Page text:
AND THE CORPORATE REAL ESTATE PERSPECTIVE"
October 28, 2004
By Joel S. Brudner CPA
President, Corporate Real Estate Services, Inc. (CRS)
The Sarbanes-Oxley Act ("SOX") has
had major implications on corporate management in many financial and
operational areas. SOX was adopted in direct response to the
improprieties of several corporations in the past few years in order
to protect investors by enhancing the reliability and accuracy of
financial disclosures in conjunction with securities law. This
accountability is expressly improved by holding senior executives
personally liable for compliance and accuracy.
Corporate real estate executives are forced
to understand and facilitate programs to comply with the financial
disclosures in three distinct areas:
1. Financial risks relating to leased
2. Real estate cost information required to be certified by
their CEO and CFO
3. Valuation and risks relating to owned real estate assets
and their corresponding liabilities.
To further illustrate the
responsibility of corporate reporting under SOX, there is a provision
that corporations may be called upon for additional information for
investors "on a rapid and current basis". As such, real
estate portfolio information must be accurately tracked and up-to-date
with the immediate ability to be gathered into data. Without question,
this refers to electronic data format rather than historical paper
files. These constraints, coupled with the reliance on independent
real estate expertise, point toward the importance of an outsourced
real estate services provider as assurance for compliance.
With respect to specific areas of concern for
adequate financial disclosure, the following highlights some of the
topics that warrant consideration.
1. Leased Real
Renewals where no option exists for the
tenant; the potential costs of business interruption,
relocation, cost abandonment and relation to market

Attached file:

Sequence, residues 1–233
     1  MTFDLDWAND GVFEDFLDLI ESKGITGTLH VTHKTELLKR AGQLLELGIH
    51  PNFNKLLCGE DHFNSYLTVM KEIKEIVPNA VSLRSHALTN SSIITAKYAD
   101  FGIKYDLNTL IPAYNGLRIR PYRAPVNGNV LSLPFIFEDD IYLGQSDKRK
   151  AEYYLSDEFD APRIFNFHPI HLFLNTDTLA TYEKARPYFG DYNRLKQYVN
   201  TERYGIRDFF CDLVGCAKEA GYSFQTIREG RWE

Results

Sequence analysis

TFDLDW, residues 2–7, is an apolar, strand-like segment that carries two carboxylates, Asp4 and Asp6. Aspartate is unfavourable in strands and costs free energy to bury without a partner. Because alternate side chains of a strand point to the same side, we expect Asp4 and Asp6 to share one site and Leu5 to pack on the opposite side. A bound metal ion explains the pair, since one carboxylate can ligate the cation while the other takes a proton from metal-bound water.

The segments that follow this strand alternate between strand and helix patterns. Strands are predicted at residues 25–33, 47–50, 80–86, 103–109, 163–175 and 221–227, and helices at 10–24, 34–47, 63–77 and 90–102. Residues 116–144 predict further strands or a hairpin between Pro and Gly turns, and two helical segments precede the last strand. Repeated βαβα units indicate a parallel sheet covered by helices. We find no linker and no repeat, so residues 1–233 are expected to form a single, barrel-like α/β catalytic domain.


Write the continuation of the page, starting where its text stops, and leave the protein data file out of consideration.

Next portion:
Renewals of lease terms relating to
increase of rent, operating expenses and building services.
Vacant or abandoned space with respect
to loss recognition of improvements and sublease issues.
2. Real Estate Cost
Overall impact of "rapid and
current" provisions for the portfolio data.
Accuracy of current data and
reliability of forecasted rents and expense escalations.
Tenant improvement and construction
Cash basis versus FASB reporting
responsibility as to rents, incentives, improvements and
Benchmarking and identification of
extraordinary material disclosure issues.
3. Real Estate Owned
Valuations of tenancies and cost
Accuracy of current costs and
forecasted taxes and operating costs including fuel consumption
Impacts of any current or latent
Construction obsolescence or necessary
Valuation issues - book versus market.
Related debt obligation, including
maturities and interest risk issues.
It is obvious from the review of the sample
of topics illustrated here that Sarbanes-Oxley is becoming a major
proponent for a stronger focus on management practices pertaining to
corporate real estate. The focus on SOX compliance must now be
included with risk management decisions that in the past were mainly
driven by corporate budgeting on an economic payback mentality.
For many diligent service providers, SOX has
simply brought into a necessary perspective what they have been
preaching and seeking since the early 1990's. Real estate costs,
representing one of the most material items on most companies'
financial statements, require similar resources in the areas of
systems and professionals that have been previously reserved for only
profit centers. Companies not in the business of real estate are being
forced to realize this impact and will need to work with their real
estate executives to achieve cost efficiencies and compliance
"Joel S. Brudner, president and
founder of CRS Lease Specialists, is a CPA with over 20 years of
expertise in the areas of real estate finance, management and